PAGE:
The author presents stories by six Tanzanian Maasai girls, a perspective from one of their teachers along with addenda and testimony by Maryknoll Missionary, Sister Mary Vertucci: Director of The Emusoi Centre. The author enumerates the benefits of and obstacles to the Emusoi project as she unravels the complex interactions within the ecological, political, social, economic and cultural forces arrayed against the survival of the Maasai.

At first appearance, this richly illustrated, 56 page book seems destined for a young audience. Actually, young adults may find its contents challenging, but will, perhaps learn why the Maasai girls and their mothers have placed such a high premium on education. Both generations have risked emotional and physical suffering, including running away from home and beatings by husbands and fathers. All of this happened so that educated girls could begin to save the Maasai from assimilation and cultural extinction.

The author’s startling description of the role of women in this ancient society will evoke an immediate response in all readers. The good news is that The Emusoi Centre and its mission to educate girls have endured. In its first ten years, the enrollment at Emusoi sponsored programs, rose from six to more than 600 girls in primary, secondary, university and graduate schools. Some early graduates of the Emusoi program have joined the Centre’s staff. These and future alumnae will insure the longevity of the Emusoi dream for generations of Maasai girls. Through the efforts of The Emusoi Centre, the Maasai may also endure as a unique people.

Unlike many developmental efforts that separate native peoples from their land, heritage and language, the program of The Emusoi Centre arms the Maasai with the means to resist the destructive influences of disease, poverty, ignorance, and bureaucracy, with women trained in medicine, business, education and law. The Emusoi Centre offers the prospect of a Maasai people surviving indefinitely on their own land, with the best of their culture intact.

This publication, certainly appropriate for school-wide teen reading programs, fits many a niche. Every school child in the developed world needs the perspective provided herein, not only as a lesson in cultural diversity, but as a means of appreciating their own educational and economic advantages. The book could serve as a prologue to that famous “coming of age” conversation between parents and children. It can assist citizens of developed nations as they refocus their world view to embrace and revere a broader vision of cultural diversity. It also details contact information and specific directions for channeling funds to The Emusoi Centre.

V-J Day/ Paratrooper Padre poem

gpcox is sure to please with careful research and dedication to those who served so that we might lie in peace. Check out the many essays delivered by this champion blogger.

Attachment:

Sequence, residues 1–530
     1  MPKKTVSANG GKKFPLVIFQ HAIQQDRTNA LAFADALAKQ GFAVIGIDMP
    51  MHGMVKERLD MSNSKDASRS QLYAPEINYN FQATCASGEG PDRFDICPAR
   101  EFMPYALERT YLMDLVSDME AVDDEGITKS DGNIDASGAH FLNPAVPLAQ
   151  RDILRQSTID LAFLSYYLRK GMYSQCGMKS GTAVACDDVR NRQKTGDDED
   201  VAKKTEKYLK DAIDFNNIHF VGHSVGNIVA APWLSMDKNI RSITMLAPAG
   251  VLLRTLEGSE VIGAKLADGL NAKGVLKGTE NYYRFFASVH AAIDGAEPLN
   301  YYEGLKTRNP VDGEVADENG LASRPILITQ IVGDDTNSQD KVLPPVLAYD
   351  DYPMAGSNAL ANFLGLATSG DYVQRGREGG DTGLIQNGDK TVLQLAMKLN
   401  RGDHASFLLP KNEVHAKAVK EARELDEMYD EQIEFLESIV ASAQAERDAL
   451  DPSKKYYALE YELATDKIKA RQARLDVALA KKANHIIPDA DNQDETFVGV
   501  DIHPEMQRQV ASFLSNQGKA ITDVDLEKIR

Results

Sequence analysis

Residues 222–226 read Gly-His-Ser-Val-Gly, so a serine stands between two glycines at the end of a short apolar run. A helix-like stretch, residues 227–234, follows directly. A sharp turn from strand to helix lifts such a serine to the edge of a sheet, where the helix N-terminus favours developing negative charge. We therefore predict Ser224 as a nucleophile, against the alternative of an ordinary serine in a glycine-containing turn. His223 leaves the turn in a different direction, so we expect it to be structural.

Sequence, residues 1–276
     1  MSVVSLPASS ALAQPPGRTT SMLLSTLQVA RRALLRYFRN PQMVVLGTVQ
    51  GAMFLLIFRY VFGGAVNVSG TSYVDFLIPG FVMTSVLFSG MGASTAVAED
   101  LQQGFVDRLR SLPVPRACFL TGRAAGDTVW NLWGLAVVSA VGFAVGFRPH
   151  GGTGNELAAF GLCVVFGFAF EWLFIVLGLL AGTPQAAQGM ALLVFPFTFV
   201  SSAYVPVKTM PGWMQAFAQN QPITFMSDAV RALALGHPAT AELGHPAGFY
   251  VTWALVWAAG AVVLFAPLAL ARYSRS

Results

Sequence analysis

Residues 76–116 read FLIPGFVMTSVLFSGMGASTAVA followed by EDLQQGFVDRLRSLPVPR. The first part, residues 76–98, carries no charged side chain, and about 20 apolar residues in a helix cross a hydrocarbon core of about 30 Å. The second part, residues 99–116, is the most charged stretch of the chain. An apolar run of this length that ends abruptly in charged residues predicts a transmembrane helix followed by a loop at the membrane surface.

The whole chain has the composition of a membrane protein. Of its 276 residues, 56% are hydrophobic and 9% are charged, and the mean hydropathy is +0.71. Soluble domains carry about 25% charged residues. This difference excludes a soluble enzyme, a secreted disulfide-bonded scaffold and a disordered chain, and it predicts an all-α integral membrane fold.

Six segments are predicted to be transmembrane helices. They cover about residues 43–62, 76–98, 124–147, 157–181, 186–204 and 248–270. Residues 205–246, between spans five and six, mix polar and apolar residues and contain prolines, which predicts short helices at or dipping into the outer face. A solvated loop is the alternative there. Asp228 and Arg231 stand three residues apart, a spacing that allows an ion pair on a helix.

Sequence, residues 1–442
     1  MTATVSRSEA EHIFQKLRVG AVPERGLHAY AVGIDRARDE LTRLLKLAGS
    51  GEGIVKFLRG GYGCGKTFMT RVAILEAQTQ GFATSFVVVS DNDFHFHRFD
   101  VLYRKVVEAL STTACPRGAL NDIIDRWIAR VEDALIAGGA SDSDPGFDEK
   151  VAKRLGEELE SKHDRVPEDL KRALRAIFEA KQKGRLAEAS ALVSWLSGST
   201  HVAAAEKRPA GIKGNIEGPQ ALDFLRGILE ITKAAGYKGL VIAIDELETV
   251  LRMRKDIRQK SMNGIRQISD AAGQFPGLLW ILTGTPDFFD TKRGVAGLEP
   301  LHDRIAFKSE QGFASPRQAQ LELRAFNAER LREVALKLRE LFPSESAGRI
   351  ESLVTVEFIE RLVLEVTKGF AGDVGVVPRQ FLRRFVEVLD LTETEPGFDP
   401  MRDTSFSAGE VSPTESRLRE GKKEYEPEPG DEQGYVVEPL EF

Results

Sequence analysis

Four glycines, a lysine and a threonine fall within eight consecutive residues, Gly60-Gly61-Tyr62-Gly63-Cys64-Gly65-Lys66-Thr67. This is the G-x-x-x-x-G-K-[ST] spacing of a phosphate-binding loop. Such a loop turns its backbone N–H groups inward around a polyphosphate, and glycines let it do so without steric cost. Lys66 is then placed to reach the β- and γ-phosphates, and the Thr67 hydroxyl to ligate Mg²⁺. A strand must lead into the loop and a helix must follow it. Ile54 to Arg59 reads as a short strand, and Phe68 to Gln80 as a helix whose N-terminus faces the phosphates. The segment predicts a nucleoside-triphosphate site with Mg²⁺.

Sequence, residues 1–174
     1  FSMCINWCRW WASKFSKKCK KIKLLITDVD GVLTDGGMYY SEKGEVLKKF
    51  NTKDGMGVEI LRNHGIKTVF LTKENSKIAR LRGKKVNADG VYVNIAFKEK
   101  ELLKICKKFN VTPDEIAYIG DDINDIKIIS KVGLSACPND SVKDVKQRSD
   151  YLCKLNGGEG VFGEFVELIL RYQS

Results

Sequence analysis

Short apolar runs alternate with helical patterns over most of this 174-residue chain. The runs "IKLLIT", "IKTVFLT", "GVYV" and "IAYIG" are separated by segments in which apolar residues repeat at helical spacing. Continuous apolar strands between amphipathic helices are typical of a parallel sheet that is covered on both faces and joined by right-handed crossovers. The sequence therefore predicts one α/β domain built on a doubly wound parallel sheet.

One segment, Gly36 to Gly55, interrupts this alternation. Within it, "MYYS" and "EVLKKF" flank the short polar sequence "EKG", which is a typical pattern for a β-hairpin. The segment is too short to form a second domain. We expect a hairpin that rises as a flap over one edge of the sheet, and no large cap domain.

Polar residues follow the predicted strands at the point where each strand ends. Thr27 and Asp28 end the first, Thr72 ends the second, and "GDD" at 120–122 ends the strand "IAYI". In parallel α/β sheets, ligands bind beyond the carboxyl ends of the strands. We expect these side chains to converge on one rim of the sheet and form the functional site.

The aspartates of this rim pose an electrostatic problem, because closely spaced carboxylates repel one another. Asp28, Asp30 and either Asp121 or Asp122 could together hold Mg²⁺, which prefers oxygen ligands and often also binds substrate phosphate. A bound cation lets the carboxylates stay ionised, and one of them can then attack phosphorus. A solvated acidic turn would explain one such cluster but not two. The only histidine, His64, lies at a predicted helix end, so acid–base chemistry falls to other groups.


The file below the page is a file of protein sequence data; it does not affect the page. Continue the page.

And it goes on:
Pacific Paratrooper


by: Peter S. Griffin

copied in full from Paratroopers of the 50’s, http://home.hiwaay.net/~magro/poemsww2.html

In loving memory of Monsignor Francis L. Sampson, Major General (Ret.) U.S. Army (2/29/12 – 1/28/96)

001 (746x562)

Father Francis L. Sampson,a man of the cloth
The PARATROOPER PADRE, his mission, not a soul lost…!
An elite soldier, who jumped from the sky,
A faithful companion, for one who might die…
The Paratrooper’s greatest fear,
The Angel of Death, oh so near…!
“Praise the Lord, pass the ammunition,”
An accurate description of the combat condition…!
Hungry, tired, dirty, pushed to the edge,
Praying to God, dodging bullets of lead…
Facing death at every turn,
God’s saving grace, the soldier does yearn…!
But there’ one comfort, he surely does know,
By his side, the PARATROOPER PADRE, wherever he goes…
Offering encouragement, dispelling confusion,
Comforting the wounded, granting absolution…
A shining example, for all who…

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A Word A Week: Roof

Beautiful scenes from around the world.


The Word this week is Roof.

I like viewing  large areas extensively covered by roofs of uniform color and style:

Terracotta roofs in Dubrovnik, Croatia. Bright color roofs everywhere, as far as your eyes can see. DSCF0832


Roofs and spire at Tallinn, Baltic.Baltic Capitals  15-Aug-09 018

Light color tiled roofs in Yunnan, China.DSC_0159

More roofs on a closer look in Yunnan, China.DSC_0044

I also like looking at individual roofs with different styles and architecture:

Unforgettable union dome-shaped roofs to church in Tallinn, Estonia.Baltic Capitals  15-Aug-09 015

Stepped roofs in the Baltic.DSC_0055

Roof at LiJiang, Yunnan.DSC_0154

Distinctively styled roofs at FengHuang, China.DSC_0002

Tiled temple roof at HongLuo Temple near Beijing, China.CIMG2570

Roof at Shirakawa-go, Japan. These are thatched roofs with an A frame structure so that heavy snow would not accumulate on them.DSC_0174

Roof to an ancient palace in Okinawa, Japan.DSC_0054

Roofs to yurts in Inner Mongolia, China.DSCF2282

Roof of Genghis Khan’s mausoleum at Inner Mongolian; a mix of dome and…